As we've noted, 2014 is shaping up to be a pivotal year for marijuana reform. The Colorado and Washington experiments are proceeding apace, and the only real question people are asking is "which state will be next?"
The baiting and the assault on Obama will get even uglier. But it won't change one hard fact: that when it comes to race baiting, the GOP will always have the market cornered on that -- and millions know it.
U.S. Attorney Eric Holder announced the federal government would seek the death penalty against Tsarnaev. But the death penalty, even in this horrible case, is unlikely to serve the interests of the people of Massachusetts and the taxpayers of America.
History teaches us that negative forces will always try to smear and distort those on the side of justice, that is nothing new. But it is up to us to keep marching forward -- for victory is made up by those that remain focused and disciplined.
The use of racial, ethnic and religious profiling by law enforcement is un-American and should end. Targeting people for what they look like or because of their group characteristics is discrimination at its worst and a poor excuse for law enforcement.
This week was a big week for women's rights, as the Senate pushed for an Equal Pay Act to celebrate Equal Pay Day. It was filibustered, which just goes to show that one party cares about women's rights and one party clearly does not.
The scrutiny of law enforcement, particularly in urban environments, falls disproportionately on a handful of neighborhoods, which are becoming more and more segregated by race and class.
During the trial of al Qaeda spokesman Suleiman Abu Ghaith that ended last week, a special group spectators went largely unnoticed. "This man is evil from his head down to his toes," said Rosemary Cain, one of half a dozen 9/11 family members who attended part of the three-week trial.
Twenty years ago, the problem was a nationwide crime epidemic. Now, we face a different crisis: a prison epidemic. American prisons are bursting with low-level, non-violent offenders. Each prisoner costs taxpayers an average of $30,000 a year.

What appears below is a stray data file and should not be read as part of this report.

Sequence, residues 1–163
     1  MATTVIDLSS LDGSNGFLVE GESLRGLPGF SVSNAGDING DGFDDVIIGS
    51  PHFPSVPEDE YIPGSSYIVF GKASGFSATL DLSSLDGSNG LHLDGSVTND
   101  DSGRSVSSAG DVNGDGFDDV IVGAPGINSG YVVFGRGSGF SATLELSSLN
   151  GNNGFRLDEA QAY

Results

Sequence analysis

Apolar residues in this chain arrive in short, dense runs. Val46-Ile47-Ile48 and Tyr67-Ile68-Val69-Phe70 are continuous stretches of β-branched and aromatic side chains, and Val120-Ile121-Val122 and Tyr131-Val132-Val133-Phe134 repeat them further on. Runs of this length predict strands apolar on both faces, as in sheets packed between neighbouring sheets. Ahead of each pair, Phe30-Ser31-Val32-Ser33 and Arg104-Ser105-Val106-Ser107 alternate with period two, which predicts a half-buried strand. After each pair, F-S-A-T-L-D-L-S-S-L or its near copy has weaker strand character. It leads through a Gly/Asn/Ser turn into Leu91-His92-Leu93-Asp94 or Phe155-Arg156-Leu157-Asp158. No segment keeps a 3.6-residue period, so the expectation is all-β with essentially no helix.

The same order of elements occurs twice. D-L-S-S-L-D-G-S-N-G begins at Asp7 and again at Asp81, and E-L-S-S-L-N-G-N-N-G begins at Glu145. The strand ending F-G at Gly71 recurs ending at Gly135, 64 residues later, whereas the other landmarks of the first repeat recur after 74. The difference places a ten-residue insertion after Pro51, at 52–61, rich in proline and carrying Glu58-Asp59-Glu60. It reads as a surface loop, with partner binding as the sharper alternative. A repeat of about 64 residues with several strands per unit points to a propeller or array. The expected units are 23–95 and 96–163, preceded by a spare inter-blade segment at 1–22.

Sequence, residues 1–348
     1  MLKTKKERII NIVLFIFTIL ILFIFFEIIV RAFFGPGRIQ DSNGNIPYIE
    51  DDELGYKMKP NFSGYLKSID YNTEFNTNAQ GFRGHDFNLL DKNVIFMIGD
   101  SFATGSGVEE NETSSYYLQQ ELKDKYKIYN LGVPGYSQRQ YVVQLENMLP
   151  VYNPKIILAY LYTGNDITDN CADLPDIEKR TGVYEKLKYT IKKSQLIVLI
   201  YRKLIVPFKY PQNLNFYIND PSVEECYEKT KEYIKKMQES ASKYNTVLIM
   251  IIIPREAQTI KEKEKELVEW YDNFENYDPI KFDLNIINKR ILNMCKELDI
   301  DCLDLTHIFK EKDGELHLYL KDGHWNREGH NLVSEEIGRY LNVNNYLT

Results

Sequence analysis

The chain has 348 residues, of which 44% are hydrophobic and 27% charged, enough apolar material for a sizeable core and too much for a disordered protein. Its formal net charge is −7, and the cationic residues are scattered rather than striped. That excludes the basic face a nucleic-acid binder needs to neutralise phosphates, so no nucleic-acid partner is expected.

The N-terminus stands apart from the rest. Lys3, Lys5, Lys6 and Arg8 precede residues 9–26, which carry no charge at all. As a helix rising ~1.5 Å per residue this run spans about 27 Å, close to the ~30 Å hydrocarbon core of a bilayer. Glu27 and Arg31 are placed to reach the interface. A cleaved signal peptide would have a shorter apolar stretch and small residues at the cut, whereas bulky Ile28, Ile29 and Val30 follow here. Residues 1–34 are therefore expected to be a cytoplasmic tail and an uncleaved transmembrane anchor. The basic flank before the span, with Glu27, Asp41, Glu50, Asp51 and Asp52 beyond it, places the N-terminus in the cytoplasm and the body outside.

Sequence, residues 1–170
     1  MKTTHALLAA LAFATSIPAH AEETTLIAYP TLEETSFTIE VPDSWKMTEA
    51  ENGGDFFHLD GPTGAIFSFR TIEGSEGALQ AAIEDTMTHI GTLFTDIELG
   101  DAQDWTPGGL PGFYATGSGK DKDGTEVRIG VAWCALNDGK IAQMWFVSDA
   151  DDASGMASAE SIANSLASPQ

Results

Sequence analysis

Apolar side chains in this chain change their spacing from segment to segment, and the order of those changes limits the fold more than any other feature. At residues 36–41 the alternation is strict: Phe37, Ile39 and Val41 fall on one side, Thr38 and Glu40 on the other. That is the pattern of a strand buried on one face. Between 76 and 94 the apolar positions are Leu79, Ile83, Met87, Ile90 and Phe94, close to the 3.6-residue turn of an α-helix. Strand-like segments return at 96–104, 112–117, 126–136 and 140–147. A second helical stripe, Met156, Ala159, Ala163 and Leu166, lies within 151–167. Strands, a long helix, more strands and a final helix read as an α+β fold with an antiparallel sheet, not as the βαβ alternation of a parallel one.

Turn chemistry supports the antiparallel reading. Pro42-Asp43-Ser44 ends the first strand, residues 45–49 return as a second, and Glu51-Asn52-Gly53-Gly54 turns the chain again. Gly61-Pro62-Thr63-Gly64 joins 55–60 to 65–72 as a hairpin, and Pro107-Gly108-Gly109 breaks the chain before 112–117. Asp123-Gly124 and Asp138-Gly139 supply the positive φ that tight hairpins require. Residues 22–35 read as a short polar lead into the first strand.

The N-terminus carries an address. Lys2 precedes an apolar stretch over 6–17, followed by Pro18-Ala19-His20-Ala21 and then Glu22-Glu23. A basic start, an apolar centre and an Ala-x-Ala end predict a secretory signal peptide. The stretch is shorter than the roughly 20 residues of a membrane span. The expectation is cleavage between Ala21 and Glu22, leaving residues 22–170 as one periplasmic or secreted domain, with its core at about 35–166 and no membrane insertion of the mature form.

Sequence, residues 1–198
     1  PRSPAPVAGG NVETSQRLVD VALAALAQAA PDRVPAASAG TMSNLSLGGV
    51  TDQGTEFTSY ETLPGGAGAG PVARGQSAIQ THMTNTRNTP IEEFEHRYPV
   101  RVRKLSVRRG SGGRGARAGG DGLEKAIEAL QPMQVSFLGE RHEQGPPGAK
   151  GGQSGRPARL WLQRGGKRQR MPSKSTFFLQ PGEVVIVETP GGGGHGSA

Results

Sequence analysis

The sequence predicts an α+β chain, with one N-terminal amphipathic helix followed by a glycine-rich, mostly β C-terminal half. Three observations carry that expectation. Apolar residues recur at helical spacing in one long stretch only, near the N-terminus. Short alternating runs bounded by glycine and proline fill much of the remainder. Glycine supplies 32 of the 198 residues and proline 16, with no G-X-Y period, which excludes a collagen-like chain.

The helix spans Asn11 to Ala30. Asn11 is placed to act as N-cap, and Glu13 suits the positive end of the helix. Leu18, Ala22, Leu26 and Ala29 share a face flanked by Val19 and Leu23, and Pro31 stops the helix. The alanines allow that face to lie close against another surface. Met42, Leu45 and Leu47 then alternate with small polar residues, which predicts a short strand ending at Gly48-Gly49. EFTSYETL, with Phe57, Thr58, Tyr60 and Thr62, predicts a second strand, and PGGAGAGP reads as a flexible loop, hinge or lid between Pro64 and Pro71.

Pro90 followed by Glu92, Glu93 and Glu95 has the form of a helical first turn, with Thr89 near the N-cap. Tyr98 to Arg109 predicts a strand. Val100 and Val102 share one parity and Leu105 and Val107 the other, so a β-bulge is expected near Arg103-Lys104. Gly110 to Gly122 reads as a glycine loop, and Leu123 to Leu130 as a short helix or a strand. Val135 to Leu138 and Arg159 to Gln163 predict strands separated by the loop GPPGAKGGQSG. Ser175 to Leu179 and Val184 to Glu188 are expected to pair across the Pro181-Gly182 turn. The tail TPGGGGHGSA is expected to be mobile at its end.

It is clear that Attorney General Bill Schuette has built his image around fighting for Michigan and is a very vocal advocate of states' rights. But at some point someone has to point out his inconsistencies when it comes to particular issues.
It is hard to imagine a more critical moment for an engaged citizenry to show up in great numbers and exercise one of our few remaining -- and rapidly eroding -- rights: the right to vote.
On Thursday, United States Attorney General Eric Holder appeared in front of the United States Sentencing Commission to endorse a proposal that would reduce prison sentences for people convicted of dealing drugs.
Setting a level for hypocrisy usually not so blatantly shown by Democrats, Senator Dianne Feinstein is hopping mad that the government spied on her computers. The irony is so thick you can spread it on toast.
We were all victims of the financial crisis that began in 2007 (not 2008), but some of us suffered more than others. And, hundreds of millions of us are still living with the painful aftermath as its consequences began to be felt worldwide.
Overdose prevention advocates and drug policy reformers are feeling some wind beneath their wings as a result of a statement by U.S. Attorney General Eric Holder encouraging expanded access to the overdose reversal medicine naloxone.
If I were a betting woman, I'd plunk down $10 right now and bet that suspected Boston Marathon bomber, Dzhokhar Tsarnaev, will die in prison and not in an execution chamber.